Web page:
How to build a monster high-end gaming PC

Hi there, we are gonna give some details on how to build a monster pc and the estimate of it.


Processor: Intel Core i7-8700K

The Core i7-8700K has the highest stock clockspeeds Intel has ever offered, and with six cores we get a huge boost to overall processing power compared to the earlier Kaby Lake processors. Compared to the previous generation i7-7700K, i7-8700K is a huge upgrade. You get 50 percent more cores, running at higher clockspeeds. Few games actually use more than four cores, but that's starting to change, and outside of games the additional computational power can be very useful. Videos encode substantially faster, for example, and streaming while gaming is less likely to cause stuttering. Coffee Lake is basically Intel's answer to AMD's Ryzen. The Ryzen 7 processors doubled mainstream core counts, with four times as many threads as the i5-7600K. Unfortunately, per-core performance is lower, and games in particular still tend to not like Ryzen as much as Core i5/i7. But outside of gaming, the Ryzen 5 1600 and Ryzen 7 1700 were winning virtually every conceivable test scenario. Price: $347

Motherboard: Asus ROG Maximus X Hero Wi-Fi AC

For a high-end build, we like a motherboard with great features, good overclocking support, and plenty of extras, which usually means looking around the $200 mark. The Asus ROG Maximus X Hero Wi-Fi AC is our pick for a high-end Z370 motherboard, with everything you need and probably plenty of things you'll never use. It overclocks as well as or better than other Z370 board we've tested, and it comes with useful extras like 802.11ac WiFi and USB 3.1 Gen2 (10Gbps), along with flashy options like Aura-RGB lighting. We're only using one x16 slots, leaving room for a second graphics card down the line, and the built-in audio is top notch. Price: $ 267

Graphics card: Nvidia GeForce GTX 1080 Ti

The GeForce GTX 1080 Ti isn't the absolute fastest GPU on the market, those honors go to the Titan V and its $3,000 price tag. The Titan Xp is the next step down, which is just a hair faster than the GTX 1080 Ti at a substantially higher price. The 1080 Ti is effectively a Titan without the Titan price. The 1080 Ti offers top-end performance at 1080p and 1440p, and while it can't handle every game at 4k ultra, it comes close. The only faster option would be to add a second 1080 Ti, or wait for Turing cards to arrive. We recommend pairing the card with a 1440p 144Hz G-Sync display and games will glide by with nary a stutter in sight. Price: $ 674.99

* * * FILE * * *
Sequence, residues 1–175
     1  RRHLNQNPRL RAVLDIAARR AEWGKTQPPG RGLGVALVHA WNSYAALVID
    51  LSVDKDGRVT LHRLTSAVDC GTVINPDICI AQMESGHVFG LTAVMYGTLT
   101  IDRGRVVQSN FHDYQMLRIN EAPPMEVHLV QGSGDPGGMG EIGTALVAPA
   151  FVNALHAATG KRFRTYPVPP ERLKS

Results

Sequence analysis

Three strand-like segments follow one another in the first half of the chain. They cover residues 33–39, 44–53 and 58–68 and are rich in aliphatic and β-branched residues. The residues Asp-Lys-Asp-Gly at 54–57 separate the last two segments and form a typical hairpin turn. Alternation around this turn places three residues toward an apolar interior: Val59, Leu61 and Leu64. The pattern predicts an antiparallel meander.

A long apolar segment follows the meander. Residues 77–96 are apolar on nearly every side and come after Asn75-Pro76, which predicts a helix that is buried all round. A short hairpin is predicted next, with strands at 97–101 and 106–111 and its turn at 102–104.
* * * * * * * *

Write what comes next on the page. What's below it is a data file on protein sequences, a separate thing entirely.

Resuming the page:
Memory: G.Skill Ripjaws V 16GB DDR4-3200 CL14

RAM can often be a question mark when putting together a high-end build. Should you opt for clock speed or quantity? While quantity can be a factor up to a certain point, going beyond 16GB requires very specific workloads before you really benefit. As such, we felt it better to go after top-tier memory in the form of G.Skill's Ripjaws V DDR4-3200 line, which has extremely tight 14-14-14 timings. Compared to typical DDR4-2400 with CL15 timings, the Ripjaws V improves performance by 5-10 percent. It costs about 10 percent more on the memory side, but if you look at the entire system it only increases the price by about one percent. And you'll never have to worry if your memory speed is slowing things down. Price: $212.99

Primary storage: Samsung 970 Evo 1TB

The Samsung 970 Evo delivers sequential read speeds of up to 3,400MB/s and write speeds of 2,500MB/s (that’s megabytes per second, mind you). It's not quite as fast as the more expensive 970 Pro line, but you likely won't notice the difference. More importantly, you won’t be spending a whole lot of time on loading screens. Price: $348.99

Power supply: EVGA Supernova 850 P2 Platinum

When it comes to power supplies, EVGA’s P2 series are a favorite of ours. They improve on the already impressive G2 line and sport 80 Plus Platinum efficiency, along with a fully modular design that keeps cable clutter to a minimum. EVGA also backs its premium power supplies with a 10-year warranty, and the PSUs run cool and quiet. The 850W maximum load is plenty for this rig, and there's still plenty of room for a second GPU should the need arise. We usually like to leave 50-100W of headroom above the estimated maximum load of the system, and even with overclocking and a second 1080 Ti, this PSU will be sufficient. Price: $147.58

Case: NZXT H440

We build a lot of systems, and we know what things we like and dislike when it comes to cases. Modularity is great, and good cable management with a separate PSU partition are almost required. Things we don't really like (other than for aesthetic purposes): small cases that are a pain to set up and run hotter. NZXT's H440 is a continual favorite among system builders, with good reason. Not only does it look beautiful in an understated sort of way, but it's available in white or black, with several accent options. There's also a 'silent' option that includes sound dampening panels, but that does tend to increase temperatures a bit. Airflow is decent, and there are plenty of options for routing cables, storing SSDs, and more. Price: $102.88

CPU cooler: NZXT Kraken X62 v2

NZXT's Kraken series of CPU coolers are an excellent choice for all-in-one closed-loop solutions. They're easy to install and work well. The Kraken X62 v2 includes a large 280mm radiator, which is more than enough for an overclocked i7-8700K (though you'll still probably want to delid that sucker for maximum OC potential). Just make sure your case can handle such a large cooler.